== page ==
Dutch cuisine is not as famous as other country cuisines. But luckily for non-Dutchies we have some pretty famous snacks. Of course, we have our Dutch cheese and stroopwafels (caramel cookies) but we have so much more snacks you need to try when you’re in town!
Stamppotten (Dutch Stews) are probably our most traditional dish. Mashed potatoes mixed with carrots or kale, served with rookworst (sausage) make great traditional Dutch (winter) food. While stamppot is mostly eaten as dinner, we have many more snacks. One of our favourite things to do before dinner is ‘borrelen’. It’s often done at cafes, where you can order a borrelplate. Borrelen means eating snacks and drinking (beer) together with friends. The snacks served on the plate are typical Dutch like ‘bitterballen’ (sort of fried meatballs/balls made of kroketten) and ‘kroketten’ (or a plate of mixed ‘bittergarnituur’ which also includes cheese snacks and fried spring rolls). Order a ‘vaasje’, which means ‘vase’ in English, but stands for a beer in a wider glass or a ‘fluitje’ which means ‘whistle’ and stands for a beer in a narrower glass to become a real local. You can also try the kroketten from the snackbar on the corner, and get it from the wall.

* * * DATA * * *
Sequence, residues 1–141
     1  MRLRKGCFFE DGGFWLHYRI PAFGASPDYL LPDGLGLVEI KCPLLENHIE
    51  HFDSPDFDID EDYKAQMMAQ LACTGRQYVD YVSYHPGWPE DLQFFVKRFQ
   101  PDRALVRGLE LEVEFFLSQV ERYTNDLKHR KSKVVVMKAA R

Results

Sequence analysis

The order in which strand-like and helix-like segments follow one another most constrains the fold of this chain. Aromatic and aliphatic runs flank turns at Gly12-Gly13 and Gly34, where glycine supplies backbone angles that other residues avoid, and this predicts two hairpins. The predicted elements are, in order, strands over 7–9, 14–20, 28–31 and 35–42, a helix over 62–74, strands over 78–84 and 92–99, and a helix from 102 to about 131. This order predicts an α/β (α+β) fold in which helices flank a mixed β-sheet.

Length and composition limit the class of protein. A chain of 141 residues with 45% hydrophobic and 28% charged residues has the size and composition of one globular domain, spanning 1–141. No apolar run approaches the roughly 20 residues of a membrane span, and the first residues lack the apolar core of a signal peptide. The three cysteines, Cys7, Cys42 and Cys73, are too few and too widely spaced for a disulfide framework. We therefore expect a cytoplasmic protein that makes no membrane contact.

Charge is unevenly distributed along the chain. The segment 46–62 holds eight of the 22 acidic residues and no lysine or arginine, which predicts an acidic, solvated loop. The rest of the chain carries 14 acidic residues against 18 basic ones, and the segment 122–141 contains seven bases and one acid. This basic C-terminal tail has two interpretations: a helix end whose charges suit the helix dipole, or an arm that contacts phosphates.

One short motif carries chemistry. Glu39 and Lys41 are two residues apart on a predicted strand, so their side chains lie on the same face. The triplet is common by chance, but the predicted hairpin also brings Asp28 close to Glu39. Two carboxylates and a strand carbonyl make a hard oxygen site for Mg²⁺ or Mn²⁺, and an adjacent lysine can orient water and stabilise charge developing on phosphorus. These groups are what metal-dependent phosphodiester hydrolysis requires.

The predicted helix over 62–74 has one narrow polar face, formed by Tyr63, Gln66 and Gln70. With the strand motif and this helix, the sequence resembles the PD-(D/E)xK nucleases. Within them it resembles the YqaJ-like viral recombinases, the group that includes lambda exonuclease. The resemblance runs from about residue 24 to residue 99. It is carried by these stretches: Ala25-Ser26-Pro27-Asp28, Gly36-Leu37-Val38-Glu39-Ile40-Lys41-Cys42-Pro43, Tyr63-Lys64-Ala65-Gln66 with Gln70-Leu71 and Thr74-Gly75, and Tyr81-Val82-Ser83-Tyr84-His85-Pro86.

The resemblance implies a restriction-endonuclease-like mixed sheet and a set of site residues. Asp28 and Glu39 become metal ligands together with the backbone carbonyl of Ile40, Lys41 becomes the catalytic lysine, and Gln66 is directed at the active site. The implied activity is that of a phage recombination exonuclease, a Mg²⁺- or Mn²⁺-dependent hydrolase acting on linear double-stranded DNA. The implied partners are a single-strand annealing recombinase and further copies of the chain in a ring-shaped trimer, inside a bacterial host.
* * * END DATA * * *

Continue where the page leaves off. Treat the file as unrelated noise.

If you’re looking for a ‘different lunch than a typical sandwich’, order a Dutch apple pie or poffertjes. The best apple pie (with whipped cream!) in Amsterdam can be eaten at Winkel 43 near the Noordermarkt, and poffertjes are sold in various cafes and locations like food trucks. Poffertjes are small pancakes, served with sugar and butter.
Getting hungry now? Make sure you read the three (!) articles written by Awesome Amsterdam about Dutch food too, because they have some great suggestions like drop, snert and speculaas. I, II, III and if you want to eat out check out this list of top 10 Dutch food restaurants in Amsterdam.